The lesions seen as a result of juvenile cellulitis are more painful for your puppy than they are itchy. Itch is more often seen in dogs with mange or mites.

Diagnosing Puppy Strangles

Because this is a rare disease, most veterinarians will not consider puppy strangles as a primary diagnosis until other potential health problems have been ruled out.

This means taking skin scrapings to check for things like mange, which may have a similar presentation. Your vet may also run fungal cultures to rule out ringworm.

If the more common causes of other canine skin problems have been ruled out, skin cytology can give your vet a better look at the surface skin cells, and a skin biopsy can look at the deeper cells. Both cytology and biopsies can be used to diagnose juvenile cellulitis in puppies and adult dogs.

Treatment of Juvenile Cellulitis

In dogs with juvenile cellulitis, treatment requires a full course of steroids like Prednisone or other immunosuppressant drugs like Ciclosporin to suppress the immune system reaction.

It’s important to monitor your dog while they are on steroids because steroids are known to cause side effects and other conditions.

Very rarely, immunosuppressive drugs like Ciclosporin were observed to cause adverse effects like vomiting, diarrhea, anorexia, involuntary shaking, nephropathy, and bone marrow suppression (20).

It’s also common for puppies to be given antibiotics when they have puppy strangles because secondary infections can occur as a result of inflammation and damage to the skin.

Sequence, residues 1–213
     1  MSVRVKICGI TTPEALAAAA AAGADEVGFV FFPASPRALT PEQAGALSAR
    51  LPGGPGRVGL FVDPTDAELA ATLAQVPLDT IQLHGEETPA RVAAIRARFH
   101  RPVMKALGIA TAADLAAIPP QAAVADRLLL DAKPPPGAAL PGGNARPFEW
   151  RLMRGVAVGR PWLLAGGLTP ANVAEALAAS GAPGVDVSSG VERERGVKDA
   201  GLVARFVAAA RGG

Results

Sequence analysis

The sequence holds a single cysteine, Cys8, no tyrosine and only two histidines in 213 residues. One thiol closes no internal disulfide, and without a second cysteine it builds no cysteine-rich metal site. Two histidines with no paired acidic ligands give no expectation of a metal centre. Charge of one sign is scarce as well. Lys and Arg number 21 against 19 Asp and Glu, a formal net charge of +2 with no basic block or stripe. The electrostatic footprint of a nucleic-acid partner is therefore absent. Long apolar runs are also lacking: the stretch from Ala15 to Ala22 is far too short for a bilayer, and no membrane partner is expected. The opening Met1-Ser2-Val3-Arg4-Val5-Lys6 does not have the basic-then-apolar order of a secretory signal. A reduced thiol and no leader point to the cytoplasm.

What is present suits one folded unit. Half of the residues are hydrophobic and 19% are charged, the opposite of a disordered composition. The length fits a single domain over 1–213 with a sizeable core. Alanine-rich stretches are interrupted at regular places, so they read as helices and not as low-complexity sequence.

Although antibiotics will clear up any secondary infection, they will not resolve the problem alone because they don’t do anything to mediate the dog's immune response (21).

Prognosis for Juvenile Cellulitis

The prognosis for puppies with juvenile cellulitis is good once steroid treatment has been started.

With the full course of steroid treatment, symptoms should resolve within ten days to two weeks. In very rare cases, symptoms may recur once steroid treatment comes to an end. When this happens, a longer course of steroids will be necessary.

READ NEXT: 6 Common and Serious Dog Skin Conditions (And What to Do About Them)

Dana is a qualified veterinarian with background in animal care and training sciences and an avid writer on the topics of dog health. Her range of expertise is wide but her primary focus in on animal nutrition and specifically dog foods.